Published: 06:00, 06 January 2021
Twelve months ago I decided to give Veganuary a go - the annual campaign which last year attracted 400,000 people worldwide to try the diet for the month of January. One year on, and I haven't got off the wagon.
And while I'm pleased with my efforts (and it is a challenge at times), I'm more impressed with my ability of not falling into the normal vegan trap of incessantly telling everyone about my dietary choice.
Now, granted, writing an article about this rather flies in the face of that last sentence (indeed, it's akin to taking a large trumpet to fanfare my efforts from the rooftops), but in day-to-day life, I've kept it between me and my pulse-dominated food cupboard for the most part.
So, dear, lucky, reader, you are the first I've bored on the topic for many a month.
Not because I was embarrassed about it, but more because I didn't want to have to justify my choices to the sort of people for whom saying 'I'm a vegan' is like waving the proverbial red rag to the ravenous bull.
As an example, about 14 months ago I wrote a piece for KentOnline about the growing popularity of veganism. It wasn't a call to arms - and I wasn't planning to jump on board at the time - merely a reflection on the growing demand for plant-based products.
The comments section, however, was eye-opening.
It was packed with plenty of "no-one is going to tell me what to eat", ample comments that all vegans were "narcissists", remarks about how tasty dog and, for that matter, cats were to eat and even someone, in full caps-lock on mode who simply bellowed 'VEGANISM IS DISGUSTING'. I'll assume they were being ironic, but, frankly, it was hard to tell.
So let's get something straight. I'm not some 'holier-than-thou' type. I'm not suggesting anyone makes a radical change in their diet if they don't want to, and, nor have I become some sort of vegan zealot.
I've also stumbled at times. I've had cow's milk in my coffee a couple of times when I've been out and simply forgot and I gave into a lockdown craving for cockles by buying a pint of the shellfish when restrictions were lifted during the summer and enjoyed every single vinegar-drenched one of them. And, if I'm honest, the mere thought of the Colonel's special blend of herbs and spices still makes my mouth water on occasion (although resisted, I might add).
Oh, and I can absolutely guarantee that not once have I considered whether the glass of wine I was about to drink was vegan (well, I did, but then immediately dismissed it as going too far - there's got to be somewhere you draw the line, after all). Nor have I felt particularly bad about any of the above.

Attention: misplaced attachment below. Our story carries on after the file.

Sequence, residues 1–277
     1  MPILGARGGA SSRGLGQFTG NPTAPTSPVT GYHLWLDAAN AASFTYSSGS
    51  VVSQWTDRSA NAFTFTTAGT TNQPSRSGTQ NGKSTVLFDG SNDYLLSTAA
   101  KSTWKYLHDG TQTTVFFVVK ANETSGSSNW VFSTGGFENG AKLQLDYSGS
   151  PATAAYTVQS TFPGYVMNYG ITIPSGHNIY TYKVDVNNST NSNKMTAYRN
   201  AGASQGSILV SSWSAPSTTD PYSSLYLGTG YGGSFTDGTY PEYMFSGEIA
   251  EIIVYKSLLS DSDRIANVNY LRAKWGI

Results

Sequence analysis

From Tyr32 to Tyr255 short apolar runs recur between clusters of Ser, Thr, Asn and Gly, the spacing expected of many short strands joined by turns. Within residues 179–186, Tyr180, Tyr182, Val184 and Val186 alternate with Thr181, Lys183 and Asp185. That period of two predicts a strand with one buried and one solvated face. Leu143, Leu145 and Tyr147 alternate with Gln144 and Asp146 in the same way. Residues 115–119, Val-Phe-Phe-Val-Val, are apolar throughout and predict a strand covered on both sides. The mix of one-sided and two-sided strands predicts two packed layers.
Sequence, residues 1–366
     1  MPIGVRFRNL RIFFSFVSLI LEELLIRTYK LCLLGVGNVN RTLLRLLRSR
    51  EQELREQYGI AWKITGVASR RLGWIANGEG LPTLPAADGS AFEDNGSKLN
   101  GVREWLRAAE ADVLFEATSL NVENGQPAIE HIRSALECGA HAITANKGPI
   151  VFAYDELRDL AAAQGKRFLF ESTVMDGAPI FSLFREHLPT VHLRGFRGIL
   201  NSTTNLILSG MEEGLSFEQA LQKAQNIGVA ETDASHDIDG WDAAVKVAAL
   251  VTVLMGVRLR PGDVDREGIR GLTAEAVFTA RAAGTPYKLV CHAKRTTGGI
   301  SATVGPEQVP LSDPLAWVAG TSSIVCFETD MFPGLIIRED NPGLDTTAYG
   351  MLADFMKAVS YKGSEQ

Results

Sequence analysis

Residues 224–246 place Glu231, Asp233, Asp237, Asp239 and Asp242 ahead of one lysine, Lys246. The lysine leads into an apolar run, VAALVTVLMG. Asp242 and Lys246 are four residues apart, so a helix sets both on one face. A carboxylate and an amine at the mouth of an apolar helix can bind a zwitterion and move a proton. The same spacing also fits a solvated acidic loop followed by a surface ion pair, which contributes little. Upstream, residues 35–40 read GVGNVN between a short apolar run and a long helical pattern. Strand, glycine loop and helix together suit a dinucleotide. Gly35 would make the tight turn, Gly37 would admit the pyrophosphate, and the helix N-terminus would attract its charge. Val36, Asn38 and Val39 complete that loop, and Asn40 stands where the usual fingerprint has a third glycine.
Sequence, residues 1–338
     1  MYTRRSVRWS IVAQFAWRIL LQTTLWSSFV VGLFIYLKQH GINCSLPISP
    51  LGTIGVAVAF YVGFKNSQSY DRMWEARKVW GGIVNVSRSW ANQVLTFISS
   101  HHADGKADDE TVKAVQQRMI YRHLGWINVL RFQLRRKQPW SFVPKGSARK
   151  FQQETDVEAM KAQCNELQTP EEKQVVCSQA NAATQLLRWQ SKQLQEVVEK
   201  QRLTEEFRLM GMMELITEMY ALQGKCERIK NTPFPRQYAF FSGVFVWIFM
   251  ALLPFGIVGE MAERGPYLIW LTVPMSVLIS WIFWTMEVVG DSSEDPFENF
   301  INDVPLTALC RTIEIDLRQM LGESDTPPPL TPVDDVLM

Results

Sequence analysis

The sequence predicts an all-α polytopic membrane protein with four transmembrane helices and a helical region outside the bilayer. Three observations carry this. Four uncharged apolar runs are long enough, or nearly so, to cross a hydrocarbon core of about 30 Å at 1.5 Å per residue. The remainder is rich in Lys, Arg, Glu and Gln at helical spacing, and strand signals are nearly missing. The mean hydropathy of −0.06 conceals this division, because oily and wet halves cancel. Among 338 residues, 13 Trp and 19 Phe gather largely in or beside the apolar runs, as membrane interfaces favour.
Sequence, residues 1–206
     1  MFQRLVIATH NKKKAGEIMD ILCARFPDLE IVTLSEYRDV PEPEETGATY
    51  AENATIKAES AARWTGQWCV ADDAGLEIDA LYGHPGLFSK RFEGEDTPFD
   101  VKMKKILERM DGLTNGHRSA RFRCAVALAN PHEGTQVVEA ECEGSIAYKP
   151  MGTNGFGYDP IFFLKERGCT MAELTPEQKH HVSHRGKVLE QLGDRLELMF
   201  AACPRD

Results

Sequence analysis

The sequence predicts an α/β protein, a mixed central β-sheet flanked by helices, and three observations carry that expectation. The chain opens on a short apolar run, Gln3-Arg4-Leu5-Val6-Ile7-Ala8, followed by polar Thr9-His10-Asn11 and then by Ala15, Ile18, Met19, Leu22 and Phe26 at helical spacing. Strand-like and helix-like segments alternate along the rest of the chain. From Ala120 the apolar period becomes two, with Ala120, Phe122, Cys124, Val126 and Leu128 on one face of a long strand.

All of which probably ensures I am despised by both the die-hard lifestyle-vegan who would baulk at my wearing of a woolly jumper and for those carnivores who take someone's opposing dietary preference as a personal affront.
Call me a part-time vegan if you will.
However, something strange has happened since I opted to give Veganuary a go.
My initial motivation was merely selfish. I wanted to see what it was like. I wanted to have my theory that food would be drab and uninspiring put to the test.
Oh, and I thought it would be an environmentally friendlier approach in these days of impending climate chaos.
Yet over the months, fuelled by the knowledge that I am not contributing to the ordeal of any animal bred for human consumption, the sole reason I persevere with the diet now rests almost purely on ethical grounds.
However finger-lickin' good a KFC bucket sometimes appeals to me, the thought of eating the flesh of a dead animal (cockles excluded) - no longer carries the appeal it once did. In fact, quite the opposite.
Before all this, I was quite happy to not think too hard about the way animals are farmed, or milk produced. And I've certainly not scoured the internet for any upsetting footage which disturbs society's carefully constructed vision of happy cows, lambs and pigs living the life of Riley in our green fields.
But I am well aware it is a front which disguises a moral dilemma most shy away from or willingly ignore.
To be blunt, I've felt a lot better knowing I'm not contributing anything to the economy of these industries or the environmental harm they cause. A thimble-full of cow's milk and one pint of cockles not withstanding.
Which may explain why vegans have that smug look on their faces.
As for the food? I've honestly - hand on my heart - never tasted so many delicious meals. You're forced to explore flavours and combinations not to mention upping your vegetable intake.
So much for my expectations.
I'd even go as far as saying I prefer to have oat milk in my coffee now. Once you've got over the fact it tastes a little different it really grows on you. During the first lockdown, as securing a supermarket delivery slot proved a near-impossibility, I even developed a penchant for pea milk bought in bulk from Amazon. Clever little peas, eh? Who knew?
Have I felt healthier? No, not really. Have I lost weight. Yes, but probably more as part of health kick I put myself on during the first lockdown. But sticking to the vegan diet did act as a rather splendid barrier to stuffing my face with chocolate and plenty of other snacks.
However (and I know how intensely irritating this statement is going to be), I feel spiritually better. And I never thought that would be a sentence I'd ever write.
Can I swear I will remain vegan? No (and as the cockle-scoffing and non-vegan wine-gulping proves, I've not been that good at it anyway). But from a life where I rarely checked what was in my food, now I make a point of it. So that's 99.9% of a diet where animals don't suffer or die due to me. And that, honestly, warms the cockles (ahem) of my soul.
Give Veganuary a go if you fancy it - some 400,000 people tried it worldwide last year - you never know, it might surprise you.